Royals can't catch break in race with Tigers

Shields' eight K's in seven innings not enough as KC falls 7 1/2 back

Royals can't catch break in race with Tigers

KANSAS CITY -- This prelude to the All-Star break is starting to feel uncomfortably familiar to the Royals.

A year ago, they were dead-set on rising to the .500 mark and instead lost five straight games to go six under at the break. This year, they've dropped three straight to Detroit and another loss on Sunday would mean they've sunk to .500 for the first time in a month.

The Tigers defeated the Royals, 5-1, on Saturday night with 33,849 fans watching the top two teams in the American League Central at Kauffman Stadium. That put the Tigers 7 1/2 games ahead, the Royals' biggest deficit of the season.

Amidst the clubhouse gloom, however, losing pitcher James Shields found a glimmer of hope. He reflected that after the five straight losses a year ago, the Royals roared out of the break and jumped into the AL Wild Card race.

"Maybe we should lose five, considering what we did after the break last year," Shields said, managing a smile. "You never know."

Even manager Ned Yost spun a positive note.

"I think to this point we've under-achieved as a club; but we're still seven games better than we were last year," Yost said. "We know that we're a second-half club. We've been a second-half club the last two years, so we'll take this opportunity to catch our breath and get back after it."

Last year the club was 43-49 at the break, six games under. Right now, they're 47-46, one game over. That's Yost's seven.

The Tigers got single runs off Shields in the third and fourth innings and he finished strong, facing the minimum nine batters in the fifth through the seventh.

"I thought he just pitched his tail off," Yost said.

The Royals got their only run in the sixth off Tigers right-hander Rick Porcello when Salvador Perez and Omar Infante each singled, and Billy Butler stroked a sacrifice fly. The score was still 2-1 going into the ninth.

That's when reliever Aaron Crow took over for the Royals and his string of 9 2/3 consecutive scoreless innings quickly turned to dust. J.D. Martinez led off the ninth with a home run to left-center field.

After the Tigers won an instant replay challenge -- Nick Castellanos was safe on an error at first base -- Alex Avila crashed a two-run homer to right field. Suddenly the Tigers had a four-run advantage.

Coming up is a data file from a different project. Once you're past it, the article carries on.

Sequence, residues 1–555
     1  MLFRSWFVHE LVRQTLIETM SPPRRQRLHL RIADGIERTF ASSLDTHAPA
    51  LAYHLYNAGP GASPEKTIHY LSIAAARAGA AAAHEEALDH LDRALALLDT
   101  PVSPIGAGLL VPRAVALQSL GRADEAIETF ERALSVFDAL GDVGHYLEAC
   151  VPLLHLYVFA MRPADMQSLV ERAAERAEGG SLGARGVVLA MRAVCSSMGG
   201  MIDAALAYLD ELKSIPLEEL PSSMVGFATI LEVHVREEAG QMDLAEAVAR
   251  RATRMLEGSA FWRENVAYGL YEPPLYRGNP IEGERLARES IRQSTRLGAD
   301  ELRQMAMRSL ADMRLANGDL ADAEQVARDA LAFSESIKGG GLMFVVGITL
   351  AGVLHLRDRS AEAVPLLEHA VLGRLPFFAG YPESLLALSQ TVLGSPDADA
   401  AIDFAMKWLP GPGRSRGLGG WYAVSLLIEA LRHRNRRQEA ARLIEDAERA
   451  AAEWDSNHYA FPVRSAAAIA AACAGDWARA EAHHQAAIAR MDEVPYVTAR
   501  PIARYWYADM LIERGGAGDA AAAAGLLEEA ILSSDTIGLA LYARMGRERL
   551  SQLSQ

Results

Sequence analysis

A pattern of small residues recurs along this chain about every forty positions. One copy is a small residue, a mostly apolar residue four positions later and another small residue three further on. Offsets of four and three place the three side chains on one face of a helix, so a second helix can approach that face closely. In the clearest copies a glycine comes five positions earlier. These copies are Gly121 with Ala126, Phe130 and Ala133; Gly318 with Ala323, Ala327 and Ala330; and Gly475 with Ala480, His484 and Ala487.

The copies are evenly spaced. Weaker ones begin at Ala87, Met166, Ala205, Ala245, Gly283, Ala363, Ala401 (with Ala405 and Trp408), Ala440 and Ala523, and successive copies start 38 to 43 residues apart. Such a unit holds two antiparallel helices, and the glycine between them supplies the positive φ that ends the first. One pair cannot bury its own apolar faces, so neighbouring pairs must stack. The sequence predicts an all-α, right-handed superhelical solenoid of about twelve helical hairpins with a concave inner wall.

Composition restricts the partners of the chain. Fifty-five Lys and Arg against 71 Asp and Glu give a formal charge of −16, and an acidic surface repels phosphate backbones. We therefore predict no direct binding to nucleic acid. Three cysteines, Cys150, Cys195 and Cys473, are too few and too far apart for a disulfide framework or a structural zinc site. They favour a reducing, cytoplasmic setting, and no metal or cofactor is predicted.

What did Yost see from Crow?

"Nothing. I mean nothing," Yost said. "He was behind in the count on every hitter and you can't pitch that club behind on every count."

The Tigers, who last year lost the season series to the Royals, 10-9, are dominating this year's series, winning nine of 12 games so far. They're 6-0 in Kansas City.

"It often has to do with when you play a team," Tigers manager Brad Ausmus said. "You wouldn't have said that at our place a few weeks ago when they took three out of four."

And when the Royals left Detroit at that time, they were in first place by a half-game. Now, they're 7 1/2 out.

"This was a big series for us going into the break," Porcello said. "We're definitely looking to at least create some space between us and we've been able to do that so far."

The Royals went into this showdown series feeling confident.

"All the way up to this series we've been feeling really good over the last three weeks to a month or so," Shields said. "We were playing really good baseball."

Not now. So far in this series the Royals have lost 16-4, 2-1 and 5-1. With runners in scoring position, they're just 3-for-21.

"It's the big leagues," Yost said. "You're either getting it done or not getting it done. And we're not getting it done."

The Royals have 69 games remaining.

"We've still got a long way to go," Butler said. "We'd love to win the division. I don't know how far we're back in the Wild Card, but we're still in it basically in every aspect."

The Royals are three games out in the AL Wild Card race.

"We want to get in the playoffs. We'd love to win the division, don't get me wrong," Butler said. "That's our main goal, but we're still right in the thick of stuff."

Dick Kaegel is a reporter for This story was not subject to the approval of Major League Baseball or its clubs.